via Zimbabwe’s Evicted White Farmers Seek World Bank Backed Bonds - Businessweek 23 July 2014 by Brian Latham
Commercial farmers in Zimbabwe whose holdings were seized in land invasions backed by President Robert Mugabe’s administration say the World Bank is considering underwriting the settlement of their claims with government bonds.
The World Bank is advising the government on improving land reform and compensation bonds have been used in other countries, the office of its country manager in Zimbabwe, Camille Nuamah, said in a July 18 response to questions. Zimbabwean Agriculture Minister Joseph Made wasn’t available to discuss compensation, an aide who declined to be identified said when his office was called.
About 3,000 mainly white farmers were dispossessed of their properties in a land reform program that began ahead of elections in 2000 and led to the collapse of exports ranging from tobacco to corn, causing famines and an almost decade-long recession. At least 18 farmers and farm workers were killed in the invasions in 2000 and 2001, while about 300,000 farm workers have lost their jobs, according to the Harare-based Commercial Farmers Union.
“The bonds should be issued by the government of Zimbabwe but underwritten by the Multilateral Investment Guarantee Agency under the World Bank,” Ben Gilpin, an executive at the CFU, said in an interview on June 9.
The government has yet to respond to the proposal, said Gilpin, who heads the union’s Land Evaluation Committee, which represents almost all of the dispossessed farmers. The CFU wants the bonds to be based on the value of individual farms.
“The quality of land administration is only one of a wide range of policy issues that are considered” before the World Bank decides on funding for the government, the lender said in the e-mail. “Compensation bonds is only one of a variety of methods that have been used in other countries which have experienced large scale land reforms.”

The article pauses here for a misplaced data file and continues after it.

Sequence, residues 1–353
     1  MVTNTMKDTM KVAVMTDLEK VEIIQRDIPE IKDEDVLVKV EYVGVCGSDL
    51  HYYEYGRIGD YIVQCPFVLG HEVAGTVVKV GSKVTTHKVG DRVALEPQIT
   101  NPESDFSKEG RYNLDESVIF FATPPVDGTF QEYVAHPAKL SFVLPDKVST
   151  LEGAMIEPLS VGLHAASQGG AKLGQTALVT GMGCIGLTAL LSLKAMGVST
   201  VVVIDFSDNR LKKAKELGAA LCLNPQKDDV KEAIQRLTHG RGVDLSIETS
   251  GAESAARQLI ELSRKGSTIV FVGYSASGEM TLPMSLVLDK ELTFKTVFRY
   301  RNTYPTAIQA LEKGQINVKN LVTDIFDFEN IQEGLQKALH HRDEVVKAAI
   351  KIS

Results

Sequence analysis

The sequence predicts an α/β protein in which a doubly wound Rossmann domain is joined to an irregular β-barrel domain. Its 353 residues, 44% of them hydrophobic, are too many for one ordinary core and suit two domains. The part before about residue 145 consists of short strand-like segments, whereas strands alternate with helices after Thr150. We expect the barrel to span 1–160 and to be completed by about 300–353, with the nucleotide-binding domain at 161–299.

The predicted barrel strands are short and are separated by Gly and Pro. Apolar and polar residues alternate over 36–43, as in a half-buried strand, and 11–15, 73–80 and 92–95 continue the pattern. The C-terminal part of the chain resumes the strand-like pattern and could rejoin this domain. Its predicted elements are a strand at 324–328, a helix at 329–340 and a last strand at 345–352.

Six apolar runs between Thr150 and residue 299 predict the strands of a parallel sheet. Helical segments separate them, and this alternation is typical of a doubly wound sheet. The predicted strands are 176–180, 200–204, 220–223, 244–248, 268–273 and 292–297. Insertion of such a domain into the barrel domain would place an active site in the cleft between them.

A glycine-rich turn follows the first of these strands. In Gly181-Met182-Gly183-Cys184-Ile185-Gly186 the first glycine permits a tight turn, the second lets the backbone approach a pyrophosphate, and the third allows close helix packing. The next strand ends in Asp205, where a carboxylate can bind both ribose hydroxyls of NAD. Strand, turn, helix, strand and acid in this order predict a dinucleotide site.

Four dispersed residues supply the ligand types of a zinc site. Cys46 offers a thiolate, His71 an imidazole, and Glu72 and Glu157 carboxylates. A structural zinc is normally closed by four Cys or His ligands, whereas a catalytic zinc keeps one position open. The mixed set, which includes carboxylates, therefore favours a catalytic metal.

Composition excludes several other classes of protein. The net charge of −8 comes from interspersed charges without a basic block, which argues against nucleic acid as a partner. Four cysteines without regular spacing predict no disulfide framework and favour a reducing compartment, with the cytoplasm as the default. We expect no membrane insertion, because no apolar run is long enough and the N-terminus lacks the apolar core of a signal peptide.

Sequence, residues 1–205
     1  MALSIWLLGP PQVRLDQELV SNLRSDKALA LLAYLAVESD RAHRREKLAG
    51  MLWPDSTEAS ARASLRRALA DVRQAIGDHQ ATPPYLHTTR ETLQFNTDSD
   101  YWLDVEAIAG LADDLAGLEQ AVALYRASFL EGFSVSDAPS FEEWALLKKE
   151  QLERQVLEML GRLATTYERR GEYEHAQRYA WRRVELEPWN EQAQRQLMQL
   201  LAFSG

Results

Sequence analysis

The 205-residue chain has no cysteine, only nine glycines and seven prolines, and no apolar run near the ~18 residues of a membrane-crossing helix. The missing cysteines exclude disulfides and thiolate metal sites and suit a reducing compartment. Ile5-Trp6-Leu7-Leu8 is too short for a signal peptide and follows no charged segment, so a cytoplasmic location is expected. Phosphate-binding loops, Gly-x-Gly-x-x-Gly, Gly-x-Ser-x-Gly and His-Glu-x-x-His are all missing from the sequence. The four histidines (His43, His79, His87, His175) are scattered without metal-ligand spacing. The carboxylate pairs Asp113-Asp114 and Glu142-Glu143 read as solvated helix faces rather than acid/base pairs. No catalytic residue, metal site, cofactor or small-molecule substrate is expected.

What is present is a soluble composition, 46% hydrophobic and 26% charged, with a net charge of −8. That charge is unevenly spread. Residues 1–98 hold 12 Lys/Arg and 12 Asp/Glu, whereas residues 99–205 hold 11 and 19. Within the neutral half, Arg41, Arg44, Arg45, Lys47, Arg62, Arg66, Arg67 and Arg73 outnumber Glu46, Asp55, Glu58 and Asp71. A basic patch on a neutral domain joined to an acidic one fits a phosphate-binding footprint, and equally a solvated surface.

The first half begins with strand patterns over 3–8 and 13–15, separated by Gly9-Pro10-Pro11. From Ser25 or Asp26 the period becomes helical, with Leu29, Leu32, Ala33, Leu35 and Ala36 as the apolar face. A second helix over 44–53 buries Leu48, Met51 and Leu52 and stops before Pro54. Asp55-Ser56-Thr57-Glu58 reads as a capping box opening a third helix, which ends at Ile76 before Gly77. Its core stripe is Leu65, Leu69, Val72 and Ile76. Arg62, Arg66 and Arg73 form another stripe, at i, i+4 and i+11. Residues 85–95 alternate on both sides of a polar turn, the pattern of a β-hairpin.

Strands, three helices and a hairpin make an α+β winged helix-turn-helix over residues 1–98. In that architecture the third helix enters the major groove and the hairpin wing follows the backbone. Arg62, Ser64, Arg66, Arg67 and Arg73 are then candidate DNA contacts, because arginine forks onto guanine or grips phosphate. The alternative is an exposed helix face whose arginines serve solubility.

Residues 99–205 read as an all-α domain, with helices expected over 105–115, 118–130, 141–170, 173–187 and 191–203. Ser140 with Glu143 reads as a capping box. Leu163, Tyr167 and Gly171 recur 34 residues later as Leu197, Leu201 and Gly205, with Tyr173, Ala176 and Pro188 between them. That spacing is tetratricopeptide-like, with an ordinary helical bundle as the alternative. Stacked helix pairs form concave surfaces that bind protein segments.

Zimbabwe is trying to repair relations with global lenders and the International Monetary Fund will re-open its country office in the capital, Harare, this year after closing it in 2004. The southern African nation has total debts of about $10 billion and is in arrears to the World Bank for about $828 million, Finance Minister Patrick Chinamasa told parliament July 3.
The country is trying to stoke growth in a stalling economy threatened by deflation and liquidity constraints that have left government struggling to pay civil servants.
Mugabe, who has led the country since independence in 1980, justified the seizures by saying the U.K, its former colonial power, failed to honor a 1979 agreement that would have compelled Britain to fund land reform.
Black Zimbabweans were disenfranchised of land after white settlers began claiming farms in the country, formerly known as Rhodesia, in 1890. The Land Tenure Act of 1969 gave whites, who made up less than two percent of the population, 39.1 percent of the country’s area while blacks were confined to 43.8 percent of mostly crowded land, maps in the CFU headquarters show. Zimbabwe’s Ministry of Lands says whites owned 45 percent of the country’s land in 1980.
Attempts by farmers to challenge evictions through Zimbabwe’s courts failed after the government issued notices to acquire individual farms beginning in 2000.
A subsequent attempt to challenge Zimbabwe through the regional Southern African Development Community Tribunal, while partially successful, was ignored by the government.
The evaluation committee has used satellite imagery to calculate the value of about 85 percent of all farms seized by the government, Gilpin said.
“The process is designed to make it affordable for government to pay compensation and bring closure to the issue for once and for all,” said Gilpin. “It’d be a way for government to facilitate re-engagement with the world and bring some dignity to the now elderly farmers who lost everything.”
The proposal has the support of the World Bank and some donor nations, he said.
About 20 former farmers have received “some” compensation from Zimbabwe’s Ministry of Lands and Rural Resettlement, Gilpin said.
“It’s a protracted process taking up to five years, and farmers must prove that they paid retrenchment packages to their labor and then hand over their title deeds before anything can progress,” he said. He wouldn’t comment on amounts.
When the seizures began Zimbabwe was the world’s second-biggest tobacco exporter, Africa’s second-largest corn exporter and had thriving horticulture, paprika and rose export industries.
While tobacco production is recovering the country now regularly imports corn and its other agricultural industries have mostly been decimated with some farmers moving elsewhere in Africa or to Australia and New Zealand.